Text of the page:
by Constantine von Hoffman

The Real-Life Bad, Bad Leroy Brown (and More Cybersecurity News)

Oct 26, 20124 mins
CybercrimeData BreachMalware

This week's IT security news roundup has stories on a real-life bad, bad Leroy Brown; a Barnes & Noble data breach; Facebook's refusal to remove a page with the license-plate numbers of unmarked police vehicles; and more.

Cybercrook May Wish He’d Been Named Sue: In 1980, a child was born and his parents, surnamed Brown, decided to make sure he would someday become a criminal. They named him Leroy, Sure enough, 32 years later he did indeed turn out to be bad, bad.


This week the pre-doomed Mr. Brown, a former personal banker from Washington D.C., pled guilty to conspiracy to commit bank fraud for his role in an identity theft scheme involving $121,400 in forged checks.  Brown admitted that he and others participated in the scheme from November 2009 until January 2010, conspiring to steal funds from the accounts of customers of Wachovia Bank, now operating as Wells Fargo Bank.

Mr. Brown could have gotten away with it had he not set his sights so low. Had he bilked investors and mortgages holders for billions of dollars–as the senior management of Wachovia did–he never would have been prosecuted. (If you have no idea what I’m referring to count yourself lucky and DO NOT CLICK ON THIS LINK TO HEAR THIS SONG BY JIM CROCE. DON’T! Oh, you poor naïve fool.)

Also in this week’s news:

All Israeli Police Departments Ordered to Unplug from Web:

The Israel Police have ordered every district and officer under their jurisdiction to disconnect their computers from the civilian Web network, after learning that its system could be at risk for a severe cyber-attack. On Thursday, police said they had ordered all officers to stop using the Internet on police computers and avoid using thumb drives, CDs, or any other method of passing of data and programs between police computers. The decision was made after an infiltration of some sort in the police computer system raised flags in the computer security department of the police.

According to the Jerusalem Post: “A flurry of messages was sent to the press by several police subdistrict spokespeople shortly thereafter, stating that ‘due to a computer malfunction in the national police computer system,’ they would not be able to send out emails, and that if reporters or anyone else would like to reach them, it must be done by phone or by fax.”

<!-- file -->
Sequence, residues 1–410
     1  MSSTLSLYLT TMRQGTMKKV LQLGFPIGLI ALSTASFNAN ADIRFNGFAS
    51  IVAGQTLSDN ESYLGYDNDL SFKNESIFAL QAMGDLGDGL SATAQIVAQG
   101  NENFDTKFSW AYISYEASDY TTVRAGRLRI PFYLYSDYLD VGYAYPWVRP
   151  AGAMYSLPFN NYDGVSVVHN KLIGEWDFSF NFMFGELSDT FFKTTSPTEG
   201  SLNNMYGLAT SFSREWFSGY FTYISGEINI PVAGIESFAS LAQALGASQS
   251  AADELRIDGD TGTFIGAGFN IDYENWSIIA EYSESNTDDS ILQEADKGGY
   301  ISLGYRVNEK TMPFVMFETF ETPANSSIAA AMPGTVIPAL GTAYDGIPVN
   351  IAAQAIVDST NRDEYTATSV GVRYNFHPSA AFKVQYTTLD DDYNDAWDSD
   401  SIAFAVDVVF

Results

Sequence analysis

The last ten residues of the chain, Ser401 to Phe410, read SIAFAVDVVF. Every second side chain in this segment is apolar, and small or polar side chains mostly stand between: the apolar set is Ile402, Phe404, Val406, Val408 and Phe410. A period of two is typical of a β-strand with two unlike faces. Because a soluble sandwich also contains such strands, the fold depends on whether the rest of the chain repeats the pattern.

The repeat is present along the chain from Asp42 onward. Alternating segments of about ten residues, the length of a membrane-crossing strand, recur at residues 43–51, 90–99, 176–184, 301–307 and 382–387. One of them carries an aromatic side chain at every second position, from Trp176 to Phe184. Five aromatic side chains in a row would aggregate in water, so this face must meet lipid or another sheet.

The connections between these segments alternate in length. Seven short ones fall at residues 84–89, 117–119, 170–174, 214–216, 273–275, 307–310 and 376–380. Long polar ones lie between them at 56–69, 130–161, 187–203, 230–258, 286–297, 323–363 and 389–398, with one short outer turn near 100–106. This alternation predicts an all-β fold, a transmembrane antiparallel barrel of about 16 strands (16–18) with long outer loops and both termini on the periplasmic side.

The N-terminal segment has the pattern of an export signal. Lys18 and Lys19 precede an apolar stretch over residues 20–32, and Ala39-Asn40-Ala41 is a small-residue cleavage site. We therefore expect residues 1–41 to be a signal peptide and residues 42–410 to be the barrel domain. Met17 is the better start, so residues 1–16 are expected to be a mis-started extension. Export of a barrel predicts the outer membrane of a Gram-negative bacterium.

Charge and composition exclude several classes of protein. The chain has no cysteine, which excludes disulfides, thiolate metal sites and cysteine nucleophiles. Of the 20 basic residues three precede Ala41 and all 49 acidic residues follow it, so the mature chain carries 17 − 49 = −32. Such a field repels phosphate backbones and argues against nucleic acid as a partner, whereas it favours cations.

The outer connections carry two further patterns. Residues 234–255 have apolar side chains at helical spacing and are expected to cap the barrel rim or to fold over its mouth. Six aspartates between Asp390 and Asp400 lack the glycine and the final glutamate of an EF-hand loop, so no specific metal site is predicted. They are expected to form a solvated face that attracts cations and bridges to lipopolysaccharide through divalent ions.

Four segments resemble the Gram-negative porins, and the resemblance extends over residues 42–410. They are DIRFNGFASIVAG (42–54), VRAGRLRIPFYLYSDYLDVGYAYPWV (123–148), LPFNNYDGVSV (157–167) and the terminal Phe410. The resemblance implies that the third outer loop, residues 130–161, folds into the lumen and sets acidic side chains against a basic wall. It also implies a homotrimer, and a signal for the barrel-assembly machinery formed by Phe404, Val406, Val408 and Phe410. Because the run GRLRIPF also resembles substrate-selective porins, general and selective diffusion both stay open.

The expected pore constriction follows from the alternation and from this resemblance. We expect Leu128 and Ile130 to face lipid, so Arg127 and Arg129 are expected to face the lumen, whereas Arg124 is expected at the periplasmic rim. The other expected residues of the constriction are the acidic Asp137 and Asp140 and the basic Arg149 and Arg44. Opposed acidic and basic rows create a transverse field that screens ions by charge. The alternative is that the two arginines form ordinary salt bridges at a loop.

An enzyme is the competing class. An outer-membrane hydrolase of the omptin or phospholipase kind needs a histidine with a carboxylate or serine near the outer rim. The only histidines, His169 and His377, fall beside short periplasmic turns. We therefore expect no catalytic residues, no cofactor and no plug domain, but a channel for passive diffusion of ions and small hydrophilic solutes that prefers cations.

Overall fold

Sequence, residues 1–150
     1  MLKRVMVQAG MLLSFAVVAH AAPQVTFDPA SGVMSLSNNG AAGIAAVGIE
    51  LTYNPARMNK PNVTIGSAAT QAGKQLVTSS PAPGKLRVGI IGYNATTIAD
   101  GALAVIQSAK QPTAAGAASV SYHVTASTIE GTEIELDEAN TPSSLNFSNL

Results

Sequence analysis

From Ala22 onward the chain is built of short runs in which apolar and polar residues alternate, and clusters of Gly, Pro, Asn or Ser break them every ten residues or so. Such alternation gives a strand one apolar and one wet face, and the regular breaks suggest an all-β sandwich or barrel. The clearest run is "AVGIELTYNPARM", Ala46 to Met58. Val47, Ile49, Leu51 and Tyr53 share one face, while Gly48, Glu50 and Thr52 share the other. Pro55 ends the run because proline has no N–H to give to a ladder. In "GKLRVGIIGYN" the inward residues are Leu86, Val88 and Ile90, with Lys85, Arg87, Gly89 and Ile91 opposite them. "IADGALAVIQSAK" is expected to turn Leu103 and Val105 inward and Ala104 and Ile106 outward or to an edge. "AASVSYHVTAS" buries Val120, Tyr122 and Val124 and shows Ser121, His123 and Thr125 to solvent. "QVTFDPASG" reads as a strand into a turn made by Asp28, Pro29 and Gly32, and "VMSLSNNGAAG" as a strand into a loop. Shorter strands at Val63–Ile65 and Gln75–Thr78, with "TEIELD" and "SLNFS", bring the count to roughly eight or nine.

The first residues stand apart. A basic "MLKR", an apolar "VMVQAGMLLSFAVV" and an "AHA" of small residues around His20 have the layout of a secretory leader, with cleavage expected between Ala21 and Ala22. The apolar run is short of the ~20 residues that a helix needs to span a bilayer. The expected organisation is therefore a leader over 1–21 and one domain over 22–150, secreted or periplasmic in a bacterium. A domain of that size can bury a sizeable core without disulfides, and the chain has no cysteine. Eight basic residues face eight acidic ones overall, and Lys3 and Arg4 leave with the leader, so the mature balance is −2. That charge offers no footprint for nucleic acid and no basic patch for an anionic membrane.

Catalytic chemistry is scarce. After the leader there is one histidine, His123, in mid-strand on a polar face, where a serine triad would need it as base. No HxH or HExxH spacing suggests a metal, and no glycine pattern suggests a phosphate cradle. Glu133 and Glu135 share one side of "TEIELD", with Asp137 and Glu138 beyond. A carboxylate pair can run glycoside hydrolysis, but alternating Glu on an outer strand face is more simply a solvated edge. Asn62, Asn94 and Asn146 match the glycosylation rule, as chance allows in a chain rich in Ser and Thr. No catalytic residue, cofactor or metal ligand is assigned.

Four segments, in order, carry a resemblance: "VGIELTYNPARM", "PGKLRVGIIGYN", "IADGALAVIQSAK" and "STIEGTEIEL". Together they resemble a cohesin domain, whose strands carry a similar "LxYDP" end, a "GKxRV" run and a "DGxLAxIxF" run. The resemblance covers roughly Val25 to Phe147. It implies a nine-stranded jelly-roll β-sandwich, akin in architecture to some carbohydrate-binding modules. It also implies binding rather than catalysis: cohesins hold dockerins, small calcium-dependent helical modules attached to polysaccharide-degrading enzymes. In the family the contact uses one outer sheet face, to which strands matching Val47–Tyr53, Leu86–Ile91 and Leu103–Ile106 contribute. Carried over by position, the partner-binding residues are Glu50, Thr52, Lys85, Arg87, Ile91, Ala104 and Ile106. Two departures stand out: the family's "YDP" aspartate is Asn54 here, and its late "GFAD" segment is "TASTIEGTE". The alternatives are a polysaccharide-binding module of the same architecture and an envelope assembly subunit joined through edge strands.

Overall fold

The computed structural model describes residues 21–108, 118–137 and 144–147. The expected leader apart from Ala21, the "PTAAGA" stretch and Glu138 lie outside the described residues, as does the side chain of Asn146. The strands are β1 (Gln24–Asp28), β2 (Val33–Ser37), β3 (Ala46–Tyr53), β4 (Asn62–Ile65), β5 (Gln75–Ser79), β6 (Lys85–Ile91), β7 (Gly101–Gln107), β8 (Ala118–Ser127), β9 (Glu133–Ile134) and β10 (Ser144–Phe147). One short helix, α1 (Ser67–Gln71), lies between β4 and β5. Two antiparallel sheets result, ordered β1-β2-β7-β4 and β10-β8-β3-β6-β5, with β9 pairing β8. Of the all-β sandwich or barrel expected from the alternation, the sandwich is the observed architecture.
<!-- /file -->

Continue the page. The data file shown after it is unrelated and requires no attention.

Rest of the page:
Barnes & Noble Halts Use of PIN Pad Devices After Data Breach

(NetworkWorld) Barnes & Noble has removed PIN pad devices from all of its nearly 700 stores nationwide as a precaution after detecting evidence of tampering with the devices at 63 of its stores in eight states. The company has warned that some customers may have had personal information as a result of the hacking.

Service Sells Access to Fortune 500 Firms:

(KrebsOnSecurity) An increasing number of services offered in the cybercrime underground allow miscreants to purchase access to hacked computers at specific organizations. For just a few dollars, these services offer the ability to buy your way inside of Fortune 500 company networks.

Spammers Abuse .gov URL Shortener Service in Work-at-Home Scams:

(NetworkWorld) Spammers have found a way to abuse a URL shortener service destined for U.S. government social media activities in order to craft rogue .gov URLs for work-at-home scams. Security researchers from Symantec have detected a new email spam campaign that tries to trick users into visiting URLs with the domain name. This domain was created as the result of a partnership between the, the U.S. government’s official Web portal, and the Bitly URL shortener service. According to a how-to page on, when anyone uses to shorten URLs that end in .gov or .mil, the service will generate shorts URL under the domain.

Facebook Won’t Pull Unmarked Police Plates Page:

Facebook says it will not remove a page listing the number plates of unmarked police cars in the Australian State of Victoria. The “VIC Undercover Police Cars” page and “Victorian Police Booze/Drugs/Unmarked cars locations” pages both claim to be providing a public service.

The owner of one posted:  “I would just like to state that this page has been created for the general public to inform each other of undercover or unmarked police cars in Victoria and NOT to hinder undercover operations by the Victorian police, so please people, post, post, post.”

Surprisingly, the police do not agree. Police Association Secretary Greg Davies told the Australian Broadcasting Corporation it is only a matter of time before crooks use the page. “Not every criminal in Victoria is a moron,” he said. “It’s a pretty good resource for them.”

Camera Jammer that Protects Licence Plates

(Bruce Schneier) The Australian Police may want to consider getting the noPhoto which reacts to a camera flash, and then jams the image with a bright light.